Nigeria’s inflation rate in the month of July rose to a 17-year high of 19.64 per cent.
This compares to 18.6per cent recorded in the previous month of June.
The latest inflation data is according to the recently released Consumer Price Index (CPI) report for the month of July, by the National Bureau of Statistics (NBS).
The last time Nigeria’s inflation was above 19.64 per cent was in September 2005 when it rose to 24.32per cent.
Notably, the uptick in the inflation rate was driven by increases in the food and core index.
Further breakdown of the report shows that urban inflation rate rose by 2.08 per cent to 20.09 per cent in July from 18.01per cent recorded in July 2021, while the rural inflation rate hit 19.22 per cent from 16.75 per cent recorded in the corresponding period of 2021.
Food inflation rose to its highest level in 14 months, standing at 22.02 per cent in July 2022, representing a 1.42 per cent -point increase compared to 20.6 per cent recorded in the previous month.
On a month-on-month basis, the food inflation rate in July stood at 2.04 per cent, this is 0.01 per cent lower than 2.05 per cent recorded in the previous month.
According to NBS, the rise in food inflation was caused by increases in prices of bread and cereals, food products, potatoes, yam and other tubers, meat, fish, oil, and fat.
Meanwhile, the average annual rate of food inflation for the twelve-month period ending July 2022 over the previous twelve-month average was 18.75 per cent, which represents a 1.42 per cent points decline from the average annual rate of change recorded in July 2021 (20.16 per cent).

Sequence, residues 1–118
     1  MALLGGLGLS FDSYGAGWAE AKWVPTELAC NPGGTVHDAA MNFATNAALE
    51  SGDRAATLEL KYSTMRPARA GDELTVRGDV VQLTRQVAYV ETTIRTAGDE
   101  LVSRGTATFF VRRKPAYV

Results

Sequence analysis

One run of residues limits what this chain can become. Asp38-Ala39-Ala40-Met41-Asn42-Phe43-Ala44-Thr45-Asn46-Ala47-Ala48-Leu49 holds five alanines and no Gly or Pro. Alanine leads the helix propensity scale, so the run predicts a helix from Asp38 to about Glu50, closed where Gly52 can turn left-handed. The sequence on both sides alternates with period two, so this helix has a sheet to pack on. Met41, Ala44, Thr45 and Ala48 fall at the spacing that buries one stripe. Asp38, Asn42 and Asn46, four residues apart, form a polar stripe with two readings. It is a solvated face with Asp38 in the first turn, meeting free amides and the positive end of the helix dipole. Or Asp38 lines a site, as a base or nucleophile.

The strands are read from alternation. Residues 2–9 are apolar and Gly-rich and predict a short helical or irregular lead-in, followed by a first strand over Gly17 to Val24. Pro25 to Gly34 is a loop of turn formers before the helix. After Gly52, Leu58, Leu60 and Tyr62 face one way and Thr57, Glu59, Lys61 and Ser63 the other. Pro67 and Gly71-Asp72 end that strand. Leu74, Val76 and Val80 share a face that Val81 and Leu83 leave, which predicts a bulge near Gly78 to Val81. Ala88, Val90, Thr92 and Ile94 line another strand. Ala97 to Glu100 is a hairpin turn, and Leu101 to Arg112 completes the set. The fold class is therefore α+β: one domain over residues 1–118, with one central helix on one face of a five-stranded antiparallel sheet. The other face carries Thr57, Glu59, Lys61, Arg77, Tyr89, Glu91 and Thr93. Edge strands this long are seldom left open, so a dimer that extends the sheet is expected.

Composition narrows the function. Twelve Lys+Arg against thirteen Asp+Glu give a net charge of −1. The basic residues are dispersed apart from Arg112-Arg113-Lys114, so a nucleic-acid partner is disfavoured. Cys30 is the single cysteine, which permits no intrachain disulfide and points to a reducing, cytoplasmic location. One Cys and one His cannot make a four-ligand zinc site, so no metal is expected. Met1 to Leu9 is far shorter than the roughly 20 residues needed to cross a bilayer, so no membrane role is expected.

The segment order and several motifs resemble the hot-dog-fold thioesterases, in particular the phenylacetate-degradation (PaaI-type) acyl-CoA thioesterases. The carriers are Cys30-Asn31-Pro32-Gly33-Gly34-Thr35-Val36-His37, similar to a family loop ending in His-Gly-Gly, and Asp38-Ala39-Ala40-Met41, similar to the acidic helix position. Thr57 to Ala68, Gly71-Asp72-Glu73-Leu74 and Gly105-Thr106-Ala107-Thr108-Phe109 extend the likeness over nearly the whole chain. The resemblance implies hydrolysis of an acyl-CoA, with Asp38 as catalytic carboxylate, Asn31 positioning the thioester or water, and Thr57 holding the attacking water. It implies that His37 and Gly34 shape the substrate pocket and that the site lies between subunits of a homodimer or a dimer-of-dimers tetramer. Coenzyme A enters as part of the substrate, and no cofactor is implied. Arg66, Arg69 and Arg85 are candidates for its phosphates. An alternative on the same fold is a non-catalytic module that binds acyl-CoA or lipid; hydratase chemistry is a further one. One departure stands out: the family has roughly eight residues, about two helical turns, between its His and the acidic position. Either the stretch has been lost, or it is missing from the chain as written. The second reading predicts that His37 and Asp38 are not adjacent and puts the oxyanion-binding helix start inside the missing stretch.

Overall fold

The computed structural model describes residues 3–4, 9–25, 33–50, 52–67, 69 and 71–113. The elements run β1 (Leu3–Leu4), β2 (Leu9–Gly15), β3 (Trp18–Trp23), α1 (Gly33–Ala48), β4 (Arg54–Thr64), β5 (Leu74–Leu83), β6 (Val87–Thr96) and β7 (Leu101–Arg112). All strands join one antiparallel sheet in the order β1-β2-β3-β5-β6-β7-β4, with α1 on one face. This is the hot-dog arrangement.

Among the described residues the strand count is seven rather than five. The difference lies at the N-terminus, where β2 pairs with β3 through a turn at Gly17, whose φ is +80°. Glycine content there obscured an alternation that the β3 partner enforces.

The ‘’All items less farm produce’’ or Core inflation, which excludes the prices of volatile agricultural produce stood at 16.26 per cent in July 2022, compared to 15.75 per cent recorded in the previous month. This also represents the highest core inflation rate since January 2017, when the rate stood at 17.8 per cent.
On a month-on-month basis, the core inflation rate was 1.75 per cent in July 2022. This was up by 0.20 per cent when compared to 1.56 per cent recorded in June 2022.
Notably, the highest increases were recorded in prices of gas, liquid fuel, solid fuel, passenger transport by road, passenger transport by air, Garments, cleaning, repair and hire of clothing.
Akwa Ibom State recorded the highest inflation rate in the month under review with 22.88 per cent, closely followed by Ebonyi State with 22.51 per cent.
Others include Kogi (22.08 per cent), Bayelsa (21.6%), and Rivers State (21.37 per cent).
In terms of food inflation rate, Kwara State recorded the highest with 29.28 per cent, followed by Akwa Ibom (27.22 per cent). Kogi State recorded 26.08 per cent food inflation rate in July 2022, while Ebonyi, and Ekiti states recorded 25.83 per cent and 24.78 per cent respectively.